Student Reflections –
Student 1 - Ahhh… Once again, I don’t feel any different from this exercise. Talking to other students, however, I think it may be because I don’t need ‘time’ to ‘prepare’ for a lesson. I’m already calm and relaxed, and therefore, for me, the one minute is just a time-passing exercise
Student 2 - I don’t think it is long enough still, I didn’t have enough time to settle down. Today I decided to lie down and I thought about the air conditioner. I felt different and more calm, but I think it is only good for a small percentage of us. Those who are more creative then others and it’s a bit hard to think about what to think about, I am still unsure how I would like it to be. See how it goes.
Student 5 - I really needed that. It feels like this whole week has been non-stop and that I’ve just accumulated tension in my body for 7 days straight. Taking two minutes to stretch and reflect was amazing. My body felt loose and light afterwards and I was the most relaxed I had been all week. I felt like I had been weighed down by an anchor before, but now I am floating.
Other feedback on the lessons that followed:
“I love having the two minutes to reflect on things on my mind, then prepare for the lesson. I like to stretch, because it feels I am physically getting rid of the pressure in my body. I feel relaxed and ready afterwards.”
“I liked the two minutes of time because I was able to reflect and wind down about the day. I think it is important and helps me throw everything out the window. “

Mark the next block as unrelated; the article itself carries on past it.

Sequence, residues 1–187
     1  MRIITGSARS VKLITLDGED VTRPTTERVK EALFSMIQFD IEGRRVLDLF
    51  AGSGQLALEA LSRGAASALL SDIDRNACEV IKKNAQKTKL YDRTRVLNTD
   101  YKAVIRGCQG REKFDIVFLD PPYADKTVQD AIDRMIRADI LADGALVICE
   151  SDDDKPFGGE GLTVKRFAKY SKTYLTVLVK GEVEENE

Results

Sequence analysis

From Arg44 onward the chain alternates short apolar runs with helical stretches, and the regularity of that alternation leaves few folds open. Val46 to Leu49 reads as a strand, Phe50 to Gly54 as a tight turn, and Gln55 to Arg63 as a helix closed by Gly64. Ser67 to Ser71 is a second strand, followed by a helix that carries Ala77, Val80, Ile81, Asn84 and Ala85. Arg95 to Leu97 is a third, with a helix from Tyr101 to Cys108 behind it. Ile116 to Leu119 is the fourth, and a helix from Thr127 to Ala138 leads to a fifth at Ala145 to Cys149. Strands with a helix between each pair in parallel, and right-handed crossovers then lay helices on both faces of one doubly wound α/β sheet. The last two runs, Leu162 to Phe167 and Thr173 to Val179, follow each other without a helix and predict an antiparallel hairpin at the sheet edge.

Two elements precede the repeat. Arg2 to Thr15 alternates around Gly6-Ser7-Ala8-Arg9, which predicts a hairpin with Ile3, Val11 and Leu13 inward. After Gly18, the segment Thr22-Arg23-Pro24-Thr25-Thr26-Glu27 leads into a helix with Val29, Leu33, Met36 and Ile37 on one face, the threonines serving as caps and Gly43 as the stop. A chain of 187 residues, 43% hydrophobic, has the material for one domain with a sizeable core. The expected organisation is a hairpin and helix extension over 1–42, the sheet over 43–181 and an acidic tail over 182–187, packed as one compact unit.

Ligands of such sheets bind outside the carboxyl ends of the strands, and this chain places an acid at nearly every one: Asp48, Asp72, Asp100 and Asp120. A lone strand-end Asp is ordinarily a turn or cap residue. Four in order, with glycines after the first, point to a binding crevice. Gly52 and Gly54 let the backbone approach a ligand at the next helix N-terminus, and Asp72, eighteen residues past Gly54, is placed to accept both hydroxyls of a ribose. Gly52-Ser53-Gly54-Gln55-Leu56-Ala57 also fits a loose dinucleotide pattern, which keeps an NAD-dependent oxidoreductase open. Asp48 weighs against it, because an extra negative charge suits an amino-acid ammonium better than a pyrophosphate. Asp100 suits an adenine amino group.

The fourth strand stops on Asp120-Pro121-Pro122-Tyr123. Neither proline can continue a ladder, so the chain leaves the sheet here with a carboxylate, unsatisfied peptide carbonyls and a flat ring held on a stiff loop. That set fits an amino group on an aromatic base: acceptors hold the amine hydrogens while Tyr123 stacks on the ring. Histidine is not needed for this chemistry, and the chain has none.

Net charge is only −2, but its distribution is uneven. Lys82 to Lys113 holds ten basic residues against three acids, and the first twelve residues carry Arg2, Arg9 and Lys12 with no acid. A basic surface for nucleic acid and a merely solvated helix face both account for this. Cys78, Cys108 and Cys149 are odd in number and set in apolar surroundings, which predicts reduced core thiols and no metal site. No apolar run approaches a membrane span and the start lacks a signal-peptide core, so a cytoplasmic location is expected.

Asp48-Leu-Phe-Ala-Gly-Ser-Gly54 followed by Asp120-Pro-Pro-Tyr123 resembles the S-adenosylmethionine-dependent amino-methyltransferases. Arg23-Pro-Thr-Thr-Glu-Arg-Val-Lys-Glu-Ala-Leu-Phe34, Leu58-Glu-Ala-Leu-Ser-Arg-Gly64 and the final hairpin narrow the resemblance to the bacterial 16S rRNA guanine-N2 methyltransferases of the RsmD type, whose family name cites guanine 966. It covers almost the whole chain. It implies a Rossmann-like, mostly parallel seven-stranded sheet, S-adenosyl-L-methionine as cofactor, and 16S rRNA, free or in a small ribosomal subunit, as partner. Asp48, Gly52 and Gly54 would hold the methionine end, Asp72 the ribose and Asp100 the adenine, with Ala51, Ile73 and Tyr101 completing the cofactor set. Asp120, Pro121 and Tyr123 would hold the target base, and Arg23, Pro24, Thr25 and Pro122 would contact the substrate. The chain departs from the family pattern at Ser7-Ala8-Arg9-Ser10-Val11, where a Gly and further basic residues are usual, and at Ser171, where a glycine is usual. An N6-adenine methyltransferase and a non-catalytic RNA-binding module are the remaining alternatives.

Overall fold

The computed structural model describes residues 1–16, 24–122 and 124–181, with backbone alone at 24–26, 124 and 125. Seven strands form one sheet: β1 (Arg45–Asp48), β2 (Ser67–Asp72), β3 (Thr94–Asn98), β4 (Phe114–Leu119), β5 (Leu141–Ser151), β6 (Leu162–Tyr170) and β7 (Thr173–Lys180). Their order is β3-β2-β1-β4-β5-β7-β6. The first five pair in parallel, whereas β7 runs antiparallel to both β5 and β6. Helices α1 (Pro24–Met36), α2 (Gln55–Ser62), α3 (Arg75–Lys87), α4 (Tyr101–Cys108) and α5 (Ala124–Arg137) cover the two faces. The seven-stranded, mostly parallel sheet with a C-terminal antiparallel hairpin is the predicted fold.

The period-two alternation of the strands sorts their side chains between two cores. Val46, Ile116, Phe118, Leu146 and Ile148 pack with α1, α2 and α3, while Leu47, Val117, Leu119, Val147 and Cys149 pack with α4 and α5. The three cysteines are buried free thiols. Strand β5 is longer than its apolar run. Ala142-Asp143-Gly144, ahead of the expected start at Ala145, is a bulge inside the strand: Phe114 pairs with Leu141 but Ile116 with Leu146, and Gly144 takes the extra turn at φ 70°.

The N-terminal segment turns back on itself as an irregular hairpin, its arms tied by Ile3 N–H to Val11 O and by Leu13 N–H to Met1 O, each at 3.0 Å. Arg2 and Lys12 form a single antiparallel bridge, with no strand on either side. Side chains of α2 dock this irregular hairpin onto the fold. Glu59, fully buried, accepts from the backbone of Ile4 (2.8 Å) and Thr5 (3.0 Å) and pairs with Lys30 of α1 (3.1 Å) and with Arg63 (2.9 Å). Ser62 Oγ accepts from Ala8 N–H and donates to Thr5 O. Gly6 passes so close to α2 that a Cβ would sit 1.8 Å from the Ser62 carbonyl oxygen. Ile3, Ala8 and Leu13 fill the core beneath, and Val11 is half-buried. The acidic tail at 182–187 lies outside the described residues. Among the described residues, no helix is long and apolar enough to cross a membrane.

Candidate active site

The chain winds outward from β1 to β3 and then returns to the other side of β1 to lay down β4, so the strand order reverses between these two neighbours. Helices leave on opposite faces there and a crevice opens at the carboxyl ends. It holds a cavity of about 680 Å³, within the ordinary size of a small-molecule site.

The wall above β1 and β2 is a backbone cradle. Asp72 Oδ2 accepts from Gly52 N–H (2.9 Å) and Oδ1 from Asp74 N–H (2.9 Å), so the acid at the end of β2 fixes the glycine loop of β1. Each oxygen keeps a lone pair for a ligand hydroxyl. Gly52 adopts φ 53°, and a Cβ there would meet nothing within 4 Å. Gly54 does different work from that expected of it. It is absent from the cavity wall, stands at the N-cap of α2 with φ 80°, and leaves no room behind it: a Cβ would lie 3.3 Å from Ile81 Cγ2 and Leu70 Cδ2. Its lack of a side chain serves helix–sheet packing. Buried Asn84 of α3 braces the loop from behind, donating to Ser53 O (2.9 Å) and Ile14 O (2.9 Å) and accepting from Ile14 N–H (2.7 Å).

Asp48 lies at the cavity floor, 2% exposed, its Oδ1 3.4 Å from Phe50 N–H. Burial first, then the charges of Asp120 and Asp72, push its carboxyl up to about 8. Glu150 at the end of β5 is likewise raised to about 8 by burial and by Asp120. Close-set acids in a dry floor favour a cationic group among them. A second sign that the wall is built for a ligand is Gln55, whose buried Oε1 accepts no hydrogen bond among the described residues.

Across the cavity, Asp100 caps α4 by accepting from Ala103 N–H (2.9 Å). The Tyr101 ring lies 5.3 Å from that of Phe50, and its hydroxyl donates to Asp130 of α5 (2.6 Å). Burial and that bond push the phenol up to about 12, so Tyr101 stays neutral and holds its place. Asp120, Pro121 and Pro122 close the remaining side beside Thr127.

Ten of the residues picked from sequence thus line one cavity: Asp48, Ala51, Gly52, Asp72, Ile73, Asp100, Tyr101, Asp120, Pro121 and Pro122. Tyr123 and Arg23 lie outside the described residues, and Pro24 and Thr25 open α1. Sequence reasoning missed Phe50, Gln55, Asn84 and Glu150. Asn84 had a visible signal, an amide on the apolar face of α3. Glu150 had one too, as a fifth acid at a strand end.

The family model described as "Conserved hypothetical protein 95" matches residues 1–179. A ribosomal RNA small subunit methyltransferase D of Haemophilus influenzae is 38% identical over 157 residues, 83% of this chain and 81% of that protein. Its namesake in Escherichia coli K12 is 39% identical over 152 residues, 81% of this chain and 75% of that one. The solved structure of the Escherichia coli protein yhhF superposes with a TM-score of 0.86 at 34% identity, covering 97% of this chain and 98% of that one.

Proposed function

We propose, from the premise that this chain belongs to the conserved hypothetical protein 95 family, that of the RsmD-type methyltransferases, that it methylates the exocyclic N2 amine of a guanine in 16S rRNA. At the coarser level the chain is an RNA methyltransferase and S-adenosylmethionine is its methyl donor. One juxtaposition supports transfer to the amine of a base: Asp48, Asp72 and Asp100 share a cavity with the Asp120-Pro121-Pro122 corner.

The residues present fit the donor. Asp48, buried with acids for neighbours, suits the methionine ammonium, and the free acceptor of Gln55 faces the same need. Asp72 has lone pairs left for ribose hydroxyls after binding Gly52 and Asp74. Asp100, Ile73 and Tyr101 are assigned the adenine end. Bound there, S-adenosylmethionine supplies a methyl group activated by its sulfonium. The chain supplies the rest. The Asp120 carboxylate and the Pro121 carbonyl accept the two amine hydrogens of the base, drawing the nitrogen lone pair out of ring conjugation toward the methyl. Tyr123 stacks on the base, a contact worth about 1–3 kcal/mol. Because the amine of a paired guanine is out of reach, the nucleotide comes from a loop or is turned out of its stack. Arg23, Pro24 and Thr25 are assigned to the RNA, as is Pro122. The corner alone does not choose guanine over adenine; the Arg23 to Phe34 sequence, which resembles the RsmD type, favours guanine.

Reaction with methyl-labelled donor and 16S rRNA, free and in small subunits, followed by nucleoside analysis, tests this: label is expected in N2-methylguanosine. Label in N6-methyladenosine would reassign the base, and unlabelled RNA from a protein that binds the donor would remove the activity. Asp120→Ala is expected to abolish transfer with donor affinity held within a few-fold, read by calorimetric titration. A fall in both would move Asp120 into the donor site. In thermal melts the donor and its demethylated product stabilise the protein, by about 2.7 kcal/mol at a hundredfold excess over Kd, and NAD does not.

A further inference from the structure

“I liked it today as we are getting our exams back and finding out some results and I took some time to reflect. I am very negative. To take time out of talking is good.”
“It makes me look forward to Drama even more (if that’s possible)”
Students were also asked what they did with the time:
- One minute was too short and two minutes was too long, One and a half minutes was just right.
- Some students preferred standing, others sitting, some lying down. The choice was theirs but it was decided they must stay in a circle and remain relatively still.
- 95% of students wanted to keep the ‘dramatic pause’ as we now term it!
- Student 1 (from the reflections above) now uses the time to set specific learning goals for our lesson or for the week. She is highly academic and needed an additional challenge.
- 80% of the students would like to see this practice used in their other classes.
I noticed, after just one week of the experiment, that my students were more settled, focused, calm and creative as a result of the silent time at the beginning of the lesson. Instead of taking close to ten minutes of my lesson to really settle them, it was taking me one and a half! The research was right - I witnessed increased connectedness, joy, calm, wholeness, sense of self, wonder, defined purpose, confidence, creativity, and attention. I also noticed a decrease in anti-social behaviour, depression, lethargy and anxiety amongst students. My anxious kids were less anxious, my extroverted kids were quieter, my ADHD kids more focused and my academic kids more determined.
There were also many added benefits I didn’t expect.
- Students who are late to class do not disturb the lesson… they notice it is silent time and just quietly join the circle.
- I have an opportunity to guide their thinking as they enter into a lesson. For example, we are currently studying playbuilding at the moment in year 9 and I have asked them to use part of their silent time to think about what they are going to contribute to the group in the lesson to follow.